Evergreen mat-former with very large cobalt blue trumpets spring to early summer. This might ruin your other blue flowers for you as they will look embarassingly insipid in comparison. A rich moist soil in full to mostly sun is best. Despite popular opinion, these are pigs and thrive on a good manure mulch!
A fine selection with pleasantly gentle butter-yellow leaves and a long display harmonius blue flowers. This is one of those weaver geraniums with long questing flowering stems which weave into surrounding shrubs. We have ours planted at the base of a rose in our sunny border.
Our collection from the Siskiyou Mts in southern Oregon of this moisture-loving lily. Reddish-orange Turk's cap flowers with the red more pronounced toward the ends of the tepals or petals. This is a good garden species with rhizomatous bulbs making for a good clump in time.
A choice woodland creeper for the shade or partly shaded garden where it behaves like Anemone nemorosa - making a mat of ferny foliage but in this case, it has vibrant yellow flowers. A patch of this is to be coveted. Very hardy and goes mid to late summer dormant.
From a Crug Farm collection comes this rare woodlander. We are smitten by all the members of this genus as well as it's kith and kin in other genera. This has the pendulous greenish white flowers so familiar yet so intriguing. A shade garden bereft Convallariaceae quietly weeps.
Really good German hybrid with Gentiana veitchorum as a major genetic contributor. We're obsessed by the Asiatic Gentians ( this is one) and we well remember G. veitchorum blooming in the alpine fields on the Zhongdian Plateau. Big dark blue trumpets in September. Rich moist soil in mostly sun.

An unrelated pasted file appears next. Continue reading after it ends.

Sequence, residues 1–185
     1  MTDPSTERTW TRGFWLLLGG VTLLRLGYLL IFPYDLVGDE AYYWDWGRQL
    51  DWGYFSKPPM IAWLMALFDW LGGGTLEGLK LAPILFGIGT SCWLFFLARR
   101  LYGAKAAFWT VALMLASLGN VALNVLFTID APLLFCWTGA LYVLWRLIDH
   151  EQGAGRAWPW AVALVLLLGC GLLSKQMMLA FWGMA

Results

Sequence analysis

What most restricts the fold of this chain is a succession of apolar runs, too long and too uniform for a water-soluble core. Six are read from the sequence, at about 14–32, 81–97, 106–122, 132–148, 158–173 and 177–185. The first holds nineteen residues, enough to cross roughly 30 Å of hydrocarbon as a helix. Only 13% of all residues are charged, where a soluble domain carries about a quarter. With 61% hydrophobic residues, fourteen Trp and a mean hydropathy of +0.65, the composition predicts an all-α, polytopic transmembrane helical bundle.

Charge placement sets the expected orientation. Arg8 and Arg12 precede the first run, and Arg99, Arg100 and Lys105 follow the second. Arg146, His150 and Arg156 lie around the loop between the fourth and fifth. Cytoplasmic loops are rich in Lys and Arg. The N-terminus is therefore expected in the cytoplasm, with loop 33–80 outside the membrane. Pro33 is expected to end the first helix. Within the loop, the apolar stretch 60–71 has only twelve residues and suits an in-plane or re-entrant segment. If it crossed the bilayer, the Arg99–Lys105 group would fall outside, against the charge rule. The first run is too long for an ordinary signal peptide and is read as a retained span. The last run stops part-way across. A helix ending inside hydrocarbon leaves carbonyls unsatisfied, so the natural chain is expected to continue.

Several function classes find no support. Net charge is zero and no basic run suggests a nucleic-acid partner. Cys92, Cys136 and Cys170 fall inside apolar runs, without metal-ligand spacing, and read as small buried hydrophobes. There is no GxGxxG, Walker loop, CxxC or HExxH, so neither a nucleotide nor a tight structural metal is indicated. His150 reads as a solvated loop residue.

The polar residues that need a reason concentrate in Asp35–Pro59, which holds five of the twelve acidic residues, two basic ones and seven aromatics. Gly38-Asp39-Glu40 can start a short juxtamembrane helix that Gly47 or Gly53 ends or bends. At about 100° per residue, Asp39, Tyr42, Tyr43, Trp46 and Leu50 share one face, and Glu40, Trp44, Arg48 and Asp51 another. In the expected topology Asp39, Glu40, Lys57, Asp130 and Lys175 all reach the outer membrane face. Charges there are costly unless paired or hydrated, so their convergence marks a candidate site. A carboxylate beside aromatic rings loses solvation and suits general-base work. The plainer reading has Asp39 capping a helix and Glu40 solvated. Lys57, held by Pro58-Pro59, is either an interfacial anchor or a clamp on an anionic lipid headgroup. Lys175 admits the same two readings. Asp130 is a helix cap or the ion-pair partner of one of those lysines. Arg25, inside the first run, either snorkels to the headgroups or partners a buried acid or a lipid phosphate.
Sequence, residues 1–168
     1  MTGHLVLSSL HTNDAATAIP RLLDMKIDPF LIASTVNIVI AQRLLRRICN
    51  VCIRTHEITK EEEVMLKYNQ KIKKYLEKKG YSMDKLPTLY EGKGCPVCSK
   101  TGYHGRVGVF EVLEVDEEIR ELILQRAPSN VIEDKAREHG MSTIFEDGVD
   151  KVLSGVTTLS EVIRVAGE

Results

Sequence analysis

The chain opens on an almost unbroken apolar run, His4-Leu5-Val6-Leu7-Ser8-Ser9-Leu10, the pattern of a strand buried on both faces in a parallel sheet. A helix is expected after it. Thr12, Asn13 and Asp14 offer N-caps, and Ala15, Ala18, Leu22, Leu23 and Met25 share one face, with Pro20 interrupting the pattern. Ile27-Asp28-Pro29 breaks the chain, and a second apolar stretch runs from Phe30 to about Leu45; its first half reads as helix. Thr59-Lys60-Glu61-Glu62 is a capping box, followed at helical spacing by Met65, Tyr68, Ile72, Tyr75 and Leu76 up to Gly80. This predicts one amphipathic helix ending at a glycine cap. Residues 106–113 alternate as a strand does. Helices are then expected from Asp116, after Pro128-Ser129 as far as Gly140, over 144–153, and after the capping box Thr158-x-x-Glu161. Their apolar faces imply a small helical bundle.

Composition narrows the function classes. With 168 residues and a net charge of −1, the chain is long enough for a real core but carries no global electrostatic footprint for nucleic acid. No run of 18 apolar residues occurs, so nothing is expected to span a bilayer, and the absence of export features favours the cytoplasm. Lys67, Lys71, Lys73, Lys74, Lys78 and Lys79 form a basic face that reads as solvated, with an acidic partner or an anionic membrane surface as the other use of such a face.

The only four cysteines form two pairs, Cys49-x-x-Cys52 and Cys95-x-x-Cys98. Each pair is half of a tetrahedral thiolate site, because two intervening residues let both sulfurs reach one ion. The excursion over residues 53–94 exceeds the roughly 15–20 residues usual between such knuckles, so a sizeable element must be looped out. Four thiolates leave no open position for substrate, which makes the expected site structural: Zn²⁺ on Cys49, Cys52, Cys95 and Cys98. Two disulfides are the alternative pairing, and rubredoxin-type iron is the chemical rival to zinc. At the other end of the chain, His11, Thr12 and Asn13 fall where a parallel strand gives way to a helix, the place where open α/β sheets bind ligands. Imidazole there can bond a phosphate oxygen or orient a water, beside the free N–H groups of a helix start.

Our buddy Lance sent us some amazing Sax fortunei selections from Japan. Some with great foliage and wonderful snowflake flowers, others with simply immense flowers (for the species) in pinks and whites. Blew our minds. We collected seed from them all so this should be good to awesome.
Asiatic Hybrid with Gentiana sino-ornata in its past, this is a very fine introduction by Truls and Emma at Wild Ginger Farm. Large white flowers with a few green flecks in the throat are improbable contrast to the dense green fine needle-like foliage in August and September. Rich moist soil in mostly sun. Zone 5.
One of the finest False Solomon Seal's around and rarely obtainable. These are spirit-breakingly slow to grow from seed so a plant of good size will heat up the credit card a bit. This seem like such perfection with stout stems arching gracefully and bearing a terminal plume of flashy white flowers.
What a great name! The flowers on this fairly smolder above the icy blue-green foliage and it is only the coolness of the leaves which prevents spontaneous combustion. Surprisingly sun tolerant and a very satisfying period of bloom from late spring well into summer. Non-running.
Divsions from the original seed collection by the Alpine Garden Society Expedition to China (ACE). Very difficult to obtain authentic material such as this outside of botanic gardens. Bold pinnate leaves and tall bold yet airy wands of pale white flowers touched so lightly in salmon.
One of those spring ephemerals we totally groove on. This tuberous Toothwort is native to the woodlands of the former Yugoslavia so current geography is from Bosnia through Croatia and into stable Austria. This will form a little colony but is not annoying in the least and is so delightful with its sizable white flowers in March.
Found in Boone North Carolina by an extension agent, this Glad is possibly a hybrid with dalenii and has pretty awesome cold hardiness having proven itself in zone 6. June flower spikes to 4' with apricot flowers touched in peach at the petal tips as well as in the throat. Very good increaser as this makes numerous cormlets so spread the love.
This Asiatic Gentian has fully double dark blue flowers lasting for weeks in late August into Fall and will cause visitors to perform a potentially dangerous pivot in midstep as they are strolling by when they realize they are seeing double so have your waivers all signed. Sun and moist acidic soil.
Quite a magnificent selection from Fernhill Gardens in Dublin, Ireland. Broad pleated leaves somewhat arching are simply perfect with the fat spikes of closely spaced yellow-orange flowers. Our plants came from the extraordinary former garden of Linda Cochran and the best planting we have seen of this was at Nita Jo Rountrees luscious garden.